Again, skip this section.
"Otherwise, C is an inner member class (�8.5)."
"If the class instance creation expression is an unqualified class instance creation expression"
"If the class instance creation expression occurs in a static context, then a compile-time error occurs."
We're inside the non-static method foo(), so no.
"Otherwise, if C is a member of an enclosing class"
"then let O be the innermost lexically enclosing class of which C is a member"
Here's where it gets fun. From where we are inside the method foo(), the innermost lexically enclosing class is the anonymous Runnable class. But Inner is not a member of this class. The next lexically enclosing class is Nested. But because Inner is private, Inner is not a member of Nested. It's accessible (being inside the same top-level class), but not a member. So now we come to the next lexically enclosing class, which is TestNested. Inner is a member of TestNested. So, O refers to TestNested. (Whew!)
"and let n be an integer such that O is the nth lexically enclosing class of the class in which the class instance creation expression appears."
OK, TestNested was the 3rd lexically enclosing class around "new Inner()", so n = 3.
"The immediately enclosing instance of i is the nth lexically enclosing instance of this."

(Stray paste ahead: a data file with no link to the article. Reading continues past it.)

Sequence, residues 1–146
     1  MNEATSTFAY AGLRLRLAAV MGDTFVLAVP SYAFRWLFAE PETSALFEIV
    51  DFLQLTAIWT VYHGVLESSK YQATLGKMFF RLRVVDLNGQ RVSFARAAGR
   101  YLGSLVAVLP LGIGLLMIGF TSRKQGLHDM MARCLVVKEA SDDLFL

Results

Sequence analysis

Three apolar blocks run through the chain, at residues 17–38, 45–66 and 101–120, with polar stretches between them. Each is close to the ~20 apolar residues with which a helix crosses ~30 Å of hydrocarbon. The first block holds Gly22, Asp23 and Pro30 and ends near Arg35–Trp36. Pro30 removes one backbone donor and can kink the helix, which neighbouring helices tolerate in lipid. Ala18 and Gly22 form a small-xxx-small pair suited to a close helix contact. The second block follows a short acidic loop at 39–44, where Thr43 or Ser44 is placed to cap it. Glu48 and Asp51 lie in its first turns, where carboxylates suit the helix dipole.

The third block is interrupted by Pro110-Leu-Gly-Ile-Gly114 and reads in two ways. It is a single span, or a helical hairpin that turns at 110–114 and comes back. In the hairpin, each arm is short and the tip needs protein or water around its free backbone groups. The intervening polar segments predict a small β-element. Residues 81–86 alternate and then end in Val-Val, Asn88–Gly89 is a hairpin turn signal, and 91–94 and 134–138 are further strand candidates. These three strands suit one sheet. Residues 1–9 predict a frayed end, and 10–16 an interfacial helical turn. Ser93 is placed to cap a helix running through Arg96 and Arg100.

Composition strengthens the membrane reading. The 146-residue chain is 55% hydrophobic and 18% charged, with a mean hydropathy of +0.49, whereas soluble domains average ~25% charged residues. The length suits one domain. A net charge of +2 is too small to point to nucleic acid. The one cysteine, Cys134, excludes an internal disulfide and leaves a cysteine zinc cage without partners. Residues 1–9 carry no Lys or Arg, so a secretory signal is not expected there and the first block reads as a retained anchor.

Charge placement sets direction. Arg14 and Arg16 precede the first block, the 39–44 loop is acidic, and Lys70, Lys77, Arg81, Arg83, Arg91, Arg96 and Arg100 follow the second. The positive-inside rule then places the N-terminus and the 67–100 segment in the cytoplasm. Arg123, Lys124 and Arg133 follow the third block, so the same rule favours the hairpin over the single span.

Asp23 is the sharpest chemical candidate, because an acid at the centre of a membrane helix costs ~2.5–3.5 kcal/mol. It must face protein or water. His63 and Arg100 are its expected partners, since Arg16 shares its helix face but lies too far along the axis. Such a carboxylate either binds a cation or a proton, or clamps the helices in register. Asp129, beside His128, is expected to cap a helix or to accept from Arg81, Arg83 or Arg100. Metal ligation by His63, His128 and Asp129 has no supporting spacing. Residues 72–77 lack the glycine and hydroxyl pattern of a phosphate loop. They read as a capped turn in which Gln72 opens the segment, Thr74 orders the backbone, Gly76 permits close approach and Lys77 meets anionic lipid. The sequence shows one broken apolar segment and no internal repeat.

So, the immediately enclosing instance of our new Inner() instance is the 3rd lexically enclosing instance of this. What does that mean? Well, from where we are, "this" would refer to the instance of the anonymous Runnable class. That's the 1st enclosing instance of this. Then there's Nested.this, that's the 2nd enclosing instance of this. So the 3rd enclosing instance of this, according to the JLS, must be TestNested.this. Except - that doesn't exist. Which is exactly what the compiler is complaining about here.
Now what seems to be missing here is a clear statement that it's a compile-time error if the nth enclosing instance doesn't exist. I don't see one. And this section did start by saying there may be an enclosing instance. Other inner class constructors don't necessarily have them. But we followed the rules carefully and got to a statement saying that there was an enclosing instance - except that instance doesn't actually exist. So I guess we are supposed to infer that because the code led to a logical contradiction, that's a compiler error. (As opposed to other JLS contradictions where we just try to make the best of things.) So: I'm not saying this is unambiguous, but I do think this is the logic the compiler is now following (and probably should have followed all along).
In contrast, if we remove the "private" from the declaration of Inner, then Inner is a member of Nested as well as TestNested. And so O, the innermost lexically enclosing class of which C is a member, now refers to Nested rather than TestNested. And i = 2, and the immediately enclosing instance of i is the 2nd lexically enclosing this instance, which is Nested.this, which does, indeed, exist. So the code compiles.
Now, aren't you glad you asked?
I need a beer. [ April 20, 2007: Message edited by: Jim Yingst ]